Neanderthals did not sew enough warm clothes to survive Ice Age: ExpertDecember 21st, 2007 - 5:25 pm ICT by admin
Melbourne, Dec.21 (ANI): Unlike modern humans, Neanderthals may not have been able to sew warm enough clothes to see them through the Ice Age.
Neanderthals probably froze to death in the last Ice Age because rapid climate change caught them by surprise without the tools needed to make warm clothes, says an Australian researcher.
Ian Gilligan, a post-graduate researcher from the Australian National University believes that by the time Neanderthals developed sewing tools it was too little too late.
Neanderthals began to die out just before the last glacial maximum, 35 to 30,000 years ago and were replaced by modern humans, say archaeologists.
Previous studies have argued that one of the key reasons for this is that modern humans had better hunting tools, providing them with the extra food they needed to survive the cold.
Gilligan disagrees that the development of hunting tools was so important to modern humans’ survival over the Neanderthals.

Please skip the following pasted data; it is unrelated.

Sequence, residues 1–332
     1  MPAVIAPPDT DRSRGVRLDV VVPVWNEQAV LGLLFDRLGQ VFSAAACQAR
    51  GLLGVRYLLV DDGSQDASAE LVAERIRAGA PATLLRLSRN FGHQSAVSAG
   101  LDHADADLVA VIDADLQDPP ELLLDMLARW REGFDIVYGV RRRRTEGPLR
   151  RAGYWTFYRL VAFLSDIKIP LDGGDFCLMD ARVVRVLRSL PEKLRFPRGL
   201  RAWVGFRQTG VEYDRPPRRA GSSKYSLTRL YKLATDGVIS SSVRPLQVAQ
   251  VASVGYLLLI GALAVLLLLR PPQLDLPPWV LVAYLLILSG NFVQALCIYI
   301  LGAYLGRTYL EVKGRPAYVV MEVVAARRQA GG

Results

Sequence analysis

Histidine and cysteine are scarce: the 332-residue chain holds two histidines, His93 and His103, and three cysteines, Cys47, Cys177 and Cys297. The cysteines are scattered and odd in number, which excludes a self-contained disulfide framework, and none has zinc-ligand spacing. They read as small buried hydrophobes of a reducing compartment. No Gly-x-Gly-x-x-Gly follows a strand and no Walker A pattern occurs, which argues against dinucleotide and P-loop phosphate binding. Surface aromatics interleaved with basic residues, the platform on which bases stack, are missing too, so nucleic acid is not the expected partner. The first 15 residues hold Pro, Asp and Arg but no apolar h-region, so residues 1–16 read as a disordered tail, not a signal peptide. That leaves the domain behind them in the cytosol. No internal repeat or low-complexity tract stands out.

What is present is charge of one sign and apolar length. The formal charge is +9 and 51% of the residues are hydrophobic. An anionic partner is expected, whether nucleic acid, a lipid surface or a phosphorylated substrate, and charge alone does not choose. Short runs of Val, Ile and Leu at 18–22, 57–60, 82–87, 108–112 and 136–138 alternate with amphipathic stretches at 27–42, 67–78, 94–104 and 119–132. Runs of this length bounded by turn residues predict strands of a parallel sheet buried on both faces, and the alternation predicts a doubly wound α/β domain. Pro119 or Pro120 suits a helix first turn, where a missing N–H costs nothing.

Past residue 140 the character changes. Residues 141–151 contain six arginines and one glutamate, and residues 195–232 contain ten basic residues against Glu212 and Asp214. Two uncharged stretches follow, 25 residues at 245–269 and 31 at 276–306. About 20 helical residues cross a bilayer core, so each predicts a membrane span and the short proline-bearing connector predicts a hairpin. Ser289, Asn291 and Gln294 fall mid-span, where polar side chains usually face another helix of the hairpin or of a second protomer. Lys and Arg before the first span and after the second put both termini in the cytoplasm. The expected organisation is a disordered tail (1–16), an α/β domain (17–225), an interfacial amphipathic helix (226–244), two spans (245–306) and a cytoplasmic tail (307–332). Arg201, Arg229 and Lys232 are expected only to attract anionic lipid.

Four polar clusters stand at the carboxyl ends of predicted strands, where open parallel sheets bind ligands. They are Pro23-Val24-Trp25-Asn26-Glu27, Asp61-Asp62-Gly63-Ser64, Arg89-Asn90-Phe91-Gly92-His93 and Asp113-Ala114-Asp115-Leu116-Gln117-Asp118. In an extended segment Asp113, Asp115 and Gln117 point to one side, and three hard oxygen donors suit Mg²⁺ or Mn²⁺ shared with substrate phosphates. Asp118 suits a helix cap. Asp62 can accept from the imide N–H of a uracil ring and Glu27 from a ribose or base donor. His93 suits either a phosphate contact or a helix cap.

For a start, he says, Neanderthals were already successful hunters, surviving in Europe and Eurasia for over 100,000 years.
He says most of the tools supposed to have given modern humans the edge over Neanderthals were actually more useful for making warm clothes.
The important tools developed by modern humans included stone blades, bone points, and later needles, which could cut and pierce hides to sew them together into multi-layered clothes including underwear, says Gilligan.
“They’re not related to hunting, they’re related to clothing,” he says. “These tools are related to tailored, fitted clothing, what I call complex clothing.”
He says modern humans were more vulnerable to the cold than Neanderthals and developed these tools as far back as 90,000 years ago to cope with cooler parts of Africa, before the peak of the Ice Age.
Gilligan says climatic evidence shows in the lead up to the glacial maximum there was unusually sudden and massive swings in global temperatures over short periods of time.
Over brief periods, the average temperature would plunge by more than 10oC and then warm again before plunging once again into ultra-cold territory, says Gilligan.
He says Neanderthals were unable to adapt their clothing in response to such rapid climate change.
Gilligans study is published in the current issue of the journal World Archaeology.(ANI)
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